My only concerns toward Gov debts
I do have one concern about the current government debt situation: what is going to happen to banks??? There are 2 types of institutions able to finance countries:
Governments & Central Banks
This is why European banks are in the spotlight as they hold PIIGS bonds in their portfolio. If Greece would come to default, this could have a serious impact on banks’ financial results. However, since I only look at Canadian Banks for my portfolio, I still don’t mind too much 😉
Are you concerned about the Governments’ debts? About European banks having problems? Has it influenced your way of investing yet?
Looks like Greece defaulting is almost a given! What will be scary is if this has a ripple effect of the rest of high-debt countries.
Especially about companies who live off consumables. The only real job growth in the US over the last decade is in the public sector. In order to deal with a debt crisis, money has to be saved. Since the US isn’t about to cut military spending by 40%, and tax increases are an endless battle with republicans, that means savings will be found in the employees.
Benefits, pensions, salaries will all have to be cut. Jobs will be lost. Without jobs, people cut spending drastically. Suddenly it’s not Head and Shoulders shampoo but the store brand. It’s not Coke, it’s generic Cola, or no pop at all.
Most corporate earnings these days are being buoyed by government stimulus in the US. There’s a massive cushion of government spending underlying the economy, and if that evaporates, every company will suffer.
Long term you’ll be fine. But in the short term? Government austerity will drag the whole market down.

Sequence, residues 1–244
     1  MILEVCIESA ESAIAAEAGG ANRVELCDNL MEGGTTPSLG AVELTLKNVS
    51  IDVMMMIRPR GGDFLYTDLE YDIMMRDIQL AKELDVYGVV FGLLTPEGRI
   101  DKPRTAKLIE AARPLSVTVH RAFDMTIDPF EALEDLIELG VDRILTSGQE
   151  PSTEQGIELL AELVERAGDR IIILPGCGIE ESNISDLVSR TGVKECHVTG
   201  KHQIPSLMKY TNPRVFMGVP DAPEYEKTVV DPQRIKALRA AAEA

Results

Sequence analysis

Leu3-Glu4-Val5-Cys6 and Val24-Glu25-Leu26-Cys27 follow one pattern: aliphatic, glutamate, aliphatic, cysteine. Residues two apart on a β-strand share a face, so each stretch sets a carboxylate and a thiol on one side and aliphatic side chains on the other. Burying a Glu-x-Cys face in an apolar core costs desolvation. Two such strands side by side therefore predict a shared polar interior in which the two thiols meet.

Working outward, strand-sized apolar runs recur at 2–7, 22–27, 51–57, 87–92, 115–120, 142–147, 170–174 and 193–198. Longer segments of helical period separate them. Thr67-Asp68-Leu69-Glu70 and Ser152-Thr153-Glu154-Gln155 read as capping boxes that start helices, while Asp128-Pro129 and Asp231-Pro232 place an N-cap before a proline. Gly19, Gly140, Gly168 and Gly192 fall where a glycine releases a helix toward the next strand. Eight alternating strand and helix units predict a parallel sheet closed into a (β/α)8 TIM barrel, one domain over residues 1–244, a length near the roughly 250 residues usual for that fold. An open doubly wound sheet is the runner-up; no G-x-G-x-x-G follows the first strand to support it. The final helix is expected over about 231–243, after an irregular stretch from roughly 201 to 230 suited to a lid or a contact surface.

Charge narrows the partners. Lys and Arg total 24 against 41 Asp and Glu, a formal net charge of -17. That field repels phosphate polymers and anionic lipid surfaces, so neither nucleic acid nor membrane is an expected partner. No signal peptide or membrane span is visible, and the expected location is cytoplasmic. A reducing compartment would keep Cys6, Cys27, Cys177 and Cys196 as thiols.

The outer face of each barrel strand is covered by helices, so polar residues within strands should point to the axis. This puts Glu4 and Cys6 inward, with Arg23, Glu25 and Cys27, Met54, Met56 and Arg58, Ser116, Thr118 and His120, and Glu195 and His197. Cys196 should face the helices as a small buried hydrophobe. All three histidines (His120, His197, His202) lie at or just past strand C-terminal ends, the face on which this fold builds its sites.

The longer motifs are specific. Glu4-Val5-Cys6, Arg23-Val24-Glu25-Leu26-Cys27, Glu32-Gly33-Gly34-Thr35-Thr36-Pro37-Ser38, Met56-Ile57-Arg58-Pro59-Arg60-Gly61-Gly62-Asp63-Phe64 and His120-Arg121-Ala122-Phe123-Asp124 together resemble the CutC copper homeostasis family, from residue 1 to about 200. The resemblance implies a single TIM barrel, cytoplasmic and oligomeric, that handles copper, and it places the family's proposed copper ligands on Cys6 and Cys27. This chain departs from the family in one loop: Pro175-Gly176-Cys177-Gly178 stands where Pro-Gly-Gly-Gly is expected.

I purchased some dividend stocks over the last couple of months too. We had some extra cash left over from a 4-plex down payment. I’m a bit afraid to borrow money (specifically margin) to buy though. If the market dip more, it’ll be hard to avoid margin call.
I agree that this may be time to start nibbling on dividend stocks. However the financial sector concerns me. Banks in Canada may not be that exposed to PIIGS bonds directly,however it is the CDS’s and other derivatives as well as investments in other financial institutions that could cause problems. Insurance companies are another area of concern, as some of them do hold PIIGS bonds directly. I think for now I will wait a little longer with regards to investing in the financial sector.
Count me in among those that are still staying out of the finance sector. I have only invested in insurance companies, but am staying away from banks. Just too risky, and not enough juice. The large U.S. banks like WFC are yielding around 2%. Even at 4% I’d still probably stay away.
Great post! I’m not worried and like you said this uncertainty provides good buying opportunities. I just picked up 3 (WAG, CNR, T) stocks a few weeks ago.
I do think dividend stocks are a brilliant strategy right now, but I worry about the impact on all stocks should government defaults begin happening. Dividends can only provide so much relief when the market drops 50%. Of course, that is the time to swoop in and purchase.